Shown here is a classic new lamp display at the Fort Ostell Museum. It features some of the unique and at times, only ways that our early hardy pioneers had of lighting up their lives and homes.

Reflections: Welcoming the new staff and light display at the Ponoka museum

Fort Ostell Museum has new summer staff and a new antique light display

By Mike Rainone for the News

Every year early in May the congenial staff at the Fort Ostell Museum in the Ponoka Lions Centennial Park welcomes their summer students into the fold.

Joining museum manager Sandy Alsopp and Sharon Chapman are Jen and William, and together this team will welcome many visitors during their busy May to August open hours of Monday through Friday from 10 a.m. to 5 p.m., as well as hosting school classes and other groups for special events, churning butter, and working on many countless exciting historical projects and artifacts that are arriving every day. The very energetic Young Canada Works Program is funded by Canadian Heritage and is a great learning opportunity for students who are pursuing education and careers, as well as serving as a vital and enjoyable part of the summer activities here at the Fort Ostell and at other museums throughout the Province.

Let there be light

The newest addition to the amazing historical ‘display room’ at the Ponoka Fort Ostell Museum is a colourful light display, which features some of the age-old types of magnificent devices that faithfully provided light and showed the way for our earliest pioneer families in their tiny log homes, out in the yards or field doing work and chores, or somewhere out on the road during the darkest nights and sudden storms.

Our history books tell us that only the Alberta cities of Calgary, Edmonton, and Lethbridge had access to privatized electricity by 1891, so the use of coal-oil and kerosene lamps or the traditional indoor, old reliable pot-bellied stove or the outdoor pit or barrel fire were the only sources of light and comfort for the vast majority of residents of the rapidly growing population of our urban and rural communities at the beginning of the 19th century. For the thriving new Town of Ponoka from 1912 to 1929 the electricity was kindly supplied for a minimal fee by the Provincial Mental Hospital, but this vital service was only provided for two hours in the morning and three hours in the evening, each day except Monday, when power was provided until noon so that the busy mothers could do their weekly laundry. One of the biggest and brightest milestones for Ponoka came in 1929 when the local electricity service was purchased by contract from Calgary Power Ltd. until 1973, and was later switched to Enmax circa 2011. By the Second World War most cities had access to regular electricity, but would not be completely provided to all rural Alberta until the 1950s.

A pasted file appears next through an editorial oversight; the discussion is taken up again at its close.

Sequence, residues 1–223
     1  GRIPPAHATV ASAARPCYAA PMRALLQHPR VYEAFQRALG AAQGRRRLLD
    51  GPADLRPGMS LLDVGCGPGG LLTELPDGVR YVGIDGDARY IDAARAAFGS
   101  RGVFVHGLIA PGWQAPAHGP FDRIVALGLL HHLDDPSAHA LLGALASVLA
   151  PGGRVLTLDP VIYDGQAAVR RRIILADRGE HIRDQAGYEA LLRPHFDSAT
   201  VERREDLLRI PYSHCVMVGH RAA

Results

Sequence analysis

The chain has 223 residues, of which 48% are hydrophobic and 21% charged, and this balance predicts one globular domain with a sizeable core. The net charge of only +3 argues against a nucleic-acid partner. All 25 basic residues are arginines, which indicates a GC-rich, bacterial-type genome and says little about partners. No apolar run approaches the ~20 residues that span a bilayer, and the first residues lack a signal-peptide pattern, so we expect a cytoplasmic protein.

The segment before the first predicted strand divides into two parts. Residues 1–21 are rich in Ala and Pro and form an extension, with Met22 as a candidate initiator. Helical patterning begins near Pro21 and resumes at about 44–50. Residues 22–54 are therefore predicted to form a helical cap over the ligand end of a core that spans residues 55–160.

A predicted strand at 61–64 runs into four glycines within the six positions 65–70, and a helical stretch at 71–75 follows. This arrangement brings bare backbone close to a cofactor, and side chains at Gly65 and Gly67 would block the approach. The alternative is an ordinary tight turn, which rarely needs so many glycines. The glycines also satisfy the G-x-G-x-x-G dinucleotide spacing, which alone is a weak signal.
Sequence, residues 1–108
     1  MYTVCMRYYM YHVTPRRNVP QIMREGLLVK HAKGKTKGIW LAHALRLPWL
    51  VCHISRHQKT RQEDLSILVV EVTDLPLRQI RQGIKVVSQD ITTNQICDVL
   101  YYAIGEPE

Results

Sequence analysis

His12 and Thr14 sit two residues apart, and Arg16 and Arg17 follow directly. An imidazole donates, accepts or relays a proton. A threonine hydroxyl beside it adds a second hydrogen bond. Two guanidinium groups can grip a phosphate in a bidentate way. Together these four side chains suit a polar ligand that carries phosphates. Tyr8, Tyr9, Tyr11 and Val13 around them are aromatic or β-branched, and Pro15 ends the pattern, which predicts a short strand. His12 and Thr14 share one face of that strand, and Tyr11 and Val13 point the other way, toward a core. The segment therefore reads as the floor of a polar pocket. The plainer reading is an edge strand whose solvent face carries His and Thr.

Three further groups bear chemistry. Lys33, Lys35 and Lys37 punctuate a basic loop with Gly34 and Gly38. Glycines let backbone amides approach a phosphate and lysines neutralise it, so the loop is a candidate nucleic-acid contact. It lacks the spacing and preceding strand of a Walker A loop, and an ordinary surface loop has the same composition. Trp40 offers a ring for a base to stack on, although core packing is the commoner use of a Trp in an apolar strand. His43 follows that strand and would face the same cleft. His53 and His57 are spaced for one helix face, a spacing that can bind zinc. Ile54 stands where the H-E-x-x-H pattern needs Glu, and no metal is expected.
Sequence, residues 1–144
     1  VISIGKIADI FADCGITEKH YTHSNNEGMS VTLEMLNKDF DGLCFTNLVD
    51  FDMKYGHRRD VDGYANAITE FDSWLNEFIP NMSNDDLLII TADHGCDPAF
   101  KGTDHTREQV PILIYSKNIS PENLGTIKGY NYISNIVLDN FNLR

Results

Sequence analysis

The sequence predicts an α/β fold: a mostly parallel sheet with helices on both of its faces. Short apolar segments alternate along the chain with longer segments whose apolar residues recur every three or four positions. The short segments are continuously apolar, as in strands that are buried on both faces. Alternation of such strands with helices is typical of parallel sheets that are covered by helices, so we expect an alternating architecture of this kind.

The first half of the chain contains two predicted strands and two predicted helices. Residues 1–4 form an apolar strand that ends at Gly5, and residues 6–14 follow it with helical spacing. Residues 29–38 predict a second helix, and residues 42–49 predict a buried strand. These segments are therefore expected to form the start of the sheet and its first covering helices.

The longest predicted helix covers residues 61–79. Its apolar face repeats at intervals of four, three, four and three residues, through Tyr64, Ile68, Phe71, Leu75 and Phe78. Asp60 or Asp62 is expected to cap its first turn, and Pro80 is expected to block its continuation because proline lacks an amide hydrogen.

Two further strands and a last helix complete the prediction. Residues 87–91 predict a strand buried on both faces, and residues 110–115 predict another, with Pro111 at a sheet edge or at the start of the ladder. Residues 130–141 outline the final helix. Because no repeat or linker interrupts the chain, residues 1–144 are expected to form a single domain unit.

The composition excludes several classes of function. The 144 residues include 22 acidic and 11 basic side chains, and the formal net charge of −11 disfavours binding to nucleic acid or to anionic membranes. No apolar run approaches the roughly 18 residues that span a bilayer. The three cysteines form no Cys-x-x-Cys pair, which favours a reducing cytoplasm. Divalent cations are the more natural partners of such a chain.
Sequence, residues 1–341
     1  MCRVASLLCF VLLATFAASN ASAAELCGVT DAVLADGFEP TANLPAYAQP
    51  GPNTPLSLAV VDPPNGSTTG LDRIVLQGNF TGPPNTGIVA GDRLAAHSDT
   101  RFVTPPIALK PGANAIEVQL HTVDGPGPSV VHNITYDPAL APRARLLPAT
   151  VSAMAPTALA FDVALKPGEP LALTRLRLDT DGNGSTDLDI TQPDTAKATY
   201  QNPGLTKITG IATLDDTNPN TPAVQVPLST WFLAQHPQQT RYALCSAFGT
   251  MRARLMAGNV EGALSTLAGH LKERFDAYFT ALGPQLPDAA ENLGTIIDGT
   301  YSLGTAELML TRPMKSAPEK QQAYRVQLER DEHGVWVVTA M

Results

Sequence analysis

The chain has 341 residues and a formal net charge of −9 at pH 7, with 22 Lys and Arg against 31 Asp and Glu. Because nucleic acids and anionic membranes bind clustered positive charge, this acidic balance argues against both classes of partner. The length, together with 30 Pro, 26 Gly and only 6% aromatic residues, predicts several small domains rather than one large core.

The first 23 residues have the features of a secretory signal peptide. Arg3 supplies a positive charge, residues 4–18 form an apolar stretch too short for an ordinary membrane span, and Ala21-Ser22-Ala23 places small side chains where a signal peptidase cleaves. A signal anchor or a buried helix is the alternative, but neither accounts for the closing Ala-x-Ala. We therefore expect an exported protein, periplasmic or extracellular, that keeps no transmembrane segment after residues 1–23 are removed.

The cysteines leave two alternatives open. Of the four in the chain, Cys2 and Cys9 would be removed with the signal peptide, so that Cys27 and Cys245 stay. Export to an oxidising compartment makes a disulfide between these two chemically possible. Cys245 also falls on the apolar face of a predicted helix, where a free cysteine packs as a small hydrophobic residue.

The new light display at the Ponoka Museum features a number of unique very sturdy but delicately decorated forms of lighting appliances made from all types of material and for all purposes to suit the demands of that hectic and colourful era. These once traditional, but now very historical lamps and lanterns include: a glass oil lamp manufactured by the American White Flame Light Company, a glass night lamp, a green parlour lamp, a lamp with reflector purchased through the 1928 Sear catalogue for $1.15, an extremely popular 1950s Coleman Kerosene lantern, a coal and oil HASAG No. 654 Barn Lantern, a barn lantern with a wind-breaker manufactured by the Kemp Company of Toronto, a pair of copper and cresoline night lamps, a kerosene wick lamp, a Banker’s Lamp that was used at the Alberta Hospital in the 1940s, electric table lamp, electric wall sconce, a superbly decorated desk lamp, a gas lamp made by the Mantle Lamp Company. Everyone is invited to drop down with the whole family, to realize how they used to brighten and warm up their homes in those early days, and then enjoy ‘light years’ of changes while browsing through the countless colourful historical displays, artifacts, and tales depicting the overwhelming growth, successes, and proud pioneer families, our ancestors of the town and county of Ponoka dating back to the late 1800s and on into the future.

The Fort Ostell Museum staff is also very excited about the arrival on Monday to September 10 of the vivid and memorable National Travelling Exhibition From Vimy to Juno (1914 to 1945). A special open house for the event is set for Saturday, September 15 from 10 a.m. to 5 p.m. and the display will be remaining here in Ponoka for everyone to see until Friday, September 28. Those wishing to get more information about programs and bookings at the Fort Ostell Museum are urged to drop in or phone 403-783-5224 or email: fom@telus.net.

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